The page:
Bitcoin Redux

Shumailov, I 
Ahmed, Mansoor 
Rietmann, Alessandro 

Thumbnail Image
Conference Object
Change log

We study how attempts to regulate cryptocurrencies, or at least to mitigate the harm they do, are misdirected. We started by looking at how one might blacklist stolen bitcoin, and find that two established legal principles – the nemo dat rule and the Clayton's case precedent -- make tracing crime proceeds much simpler than researchers previously thought; they support a first-in first-out rule for taint tracking, which turns out to be much more efficient. However once we published initial results and were approached by theft victims, we discovered a more serious problem. Many bitcoin exchanges do not now give their customers actual bitcoin, but rather do off-chain transactions with other exchange customers or transact on customers' behalf with outsiders. Except where customers withdraw cryptocurrency into self-hosted wallets, the ownership of these assets is unclear. The number of off-blockchain transactions has increased enormously in the last eighteen months; we can't find good figures but the volume is sufficient to raise serious concerns and the practice falls under e-money regulations that are not being enforced. In short, the security, economics and regulatory problems of cryptocurrencies in 2018 turn out to be rather different from those described in the academic literature. The real problem is that we are seeing the emergence of a shadow banking system. Cryptocurrencies do not solve the underlying problems that made bank regulation necessary, and we sadly predict that many of the familiar second-order problems will also reappear. We discuss the implications for regulating cryptocurrencies and smart contracts more generally, and suggest eight things that regulators and central banks might usefully do.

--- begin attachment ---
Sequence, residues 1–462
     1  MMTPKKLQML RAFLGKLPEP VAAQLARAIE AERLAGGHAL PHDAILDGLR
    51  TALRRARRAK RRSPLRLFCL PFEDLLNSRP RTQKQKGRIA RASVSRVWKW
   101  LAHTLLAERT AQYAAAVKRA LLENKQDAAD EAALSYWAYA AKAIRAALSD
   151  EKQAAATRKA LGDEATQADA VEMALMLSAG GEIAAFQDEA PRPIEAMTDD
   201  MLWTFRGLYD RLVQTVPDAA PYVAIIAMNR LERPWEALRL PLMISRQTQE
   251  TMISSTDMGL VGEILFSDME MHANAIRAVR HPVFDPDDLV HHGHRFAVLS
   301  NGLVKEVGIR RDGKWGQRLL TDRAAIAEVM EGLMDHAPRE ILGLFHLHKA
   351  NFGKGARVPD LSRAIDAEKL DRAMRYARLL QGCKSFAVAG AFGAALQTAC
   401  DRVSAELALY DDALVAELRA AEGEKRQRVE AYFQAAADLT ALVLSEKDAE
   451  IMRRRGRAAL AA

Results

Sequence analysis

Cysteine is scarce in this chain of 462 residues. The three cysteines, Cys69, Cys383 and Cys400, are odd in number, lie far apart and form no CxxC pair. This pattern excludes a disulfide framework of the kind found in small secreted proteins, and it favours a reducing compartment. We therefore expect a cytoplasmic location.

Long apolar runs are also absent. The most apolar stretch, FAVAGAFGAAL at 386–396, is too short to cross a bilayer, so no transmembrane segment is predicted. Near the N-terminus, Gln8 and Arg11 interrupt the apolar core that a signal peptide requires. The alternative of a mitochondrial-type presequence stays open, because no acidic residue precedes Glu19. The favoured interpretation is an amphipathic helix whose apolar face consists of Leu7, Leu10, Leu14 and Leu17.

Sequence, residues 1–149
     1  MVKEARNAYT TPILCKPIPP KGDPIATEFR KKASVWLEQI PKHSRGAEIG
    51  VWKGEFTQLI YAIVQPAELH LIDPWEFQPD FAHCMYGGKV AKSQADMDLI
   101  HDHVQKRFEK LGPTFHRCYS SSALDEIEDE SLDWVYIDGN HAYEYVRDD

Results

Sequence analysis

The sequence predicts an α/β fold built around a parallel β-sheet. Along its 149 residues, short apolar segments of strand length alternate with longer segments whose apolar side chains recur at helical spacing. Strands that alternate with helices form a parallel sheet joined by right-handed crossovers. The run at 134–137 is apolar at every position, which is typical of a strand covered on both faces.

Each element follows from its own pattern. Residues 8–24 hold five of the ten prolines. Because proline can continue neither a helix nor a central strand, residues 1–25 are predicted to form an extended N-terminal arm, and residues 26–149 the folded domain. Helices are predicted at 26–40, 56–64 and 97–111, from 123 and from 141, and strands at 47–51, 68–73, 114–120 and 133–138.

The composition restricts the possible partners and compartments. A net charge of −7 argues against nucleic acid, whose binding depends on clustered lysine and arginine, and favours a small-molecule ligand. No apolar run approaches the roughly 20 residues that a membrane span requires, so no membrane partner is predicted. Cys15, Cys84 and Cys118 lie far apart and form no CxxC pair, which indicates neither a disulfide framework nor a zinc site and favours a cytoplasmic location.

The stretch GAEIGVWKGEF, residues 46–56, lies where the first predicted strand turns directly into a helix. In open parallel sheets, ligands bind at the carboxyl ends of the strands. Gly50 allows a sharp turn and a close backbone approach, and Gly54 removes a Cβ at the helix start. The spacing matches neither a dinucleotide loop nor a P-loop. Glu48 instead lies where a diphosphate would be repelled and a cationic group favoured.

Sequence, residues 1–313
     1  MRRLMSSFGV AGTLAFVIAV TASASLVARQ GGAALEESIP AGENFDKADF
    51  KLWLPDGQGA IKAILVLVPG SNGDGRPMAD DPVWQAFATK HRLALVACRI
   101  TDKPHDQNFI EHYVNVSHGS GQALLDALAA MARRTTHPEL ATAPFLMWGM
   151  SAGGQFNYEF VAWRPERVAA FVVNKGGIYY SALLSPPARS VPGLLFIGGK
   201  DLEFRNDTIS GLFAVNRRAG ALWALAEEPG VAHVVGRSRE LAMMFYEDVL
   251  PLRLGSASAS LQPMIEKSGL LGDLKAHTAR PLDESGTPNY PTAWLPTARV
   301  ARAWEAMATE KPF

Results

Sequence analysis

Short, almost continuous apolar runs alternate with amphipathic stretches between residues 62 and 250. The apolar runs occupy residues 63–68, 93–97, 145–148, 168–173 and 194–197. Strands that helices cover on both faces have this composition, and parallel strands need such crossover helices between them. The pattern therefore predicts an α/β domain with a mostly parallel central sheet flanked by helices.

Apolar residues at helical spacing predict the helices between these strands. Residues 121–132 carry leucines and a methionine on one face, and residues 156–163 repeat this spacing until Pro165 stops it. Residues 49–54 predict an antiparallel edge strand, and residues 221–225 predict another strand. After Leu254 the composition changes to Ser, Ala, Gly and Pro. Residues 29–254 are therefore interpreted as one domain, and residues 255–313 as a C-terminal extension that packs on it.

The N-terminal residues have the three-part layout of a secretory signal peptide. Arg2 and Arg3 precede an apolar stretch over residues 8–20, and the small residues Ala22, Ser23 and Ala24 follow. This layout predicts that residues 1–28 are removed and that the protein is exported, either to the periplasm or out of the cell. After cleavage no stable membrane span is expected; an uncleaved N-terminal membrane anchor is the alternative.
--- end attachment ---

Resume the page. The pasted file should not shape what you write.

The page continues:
Publication Date
Online Publication Date
Acceptance Date
Journal Title
Journal ISSN
Volume Title
All rights reserved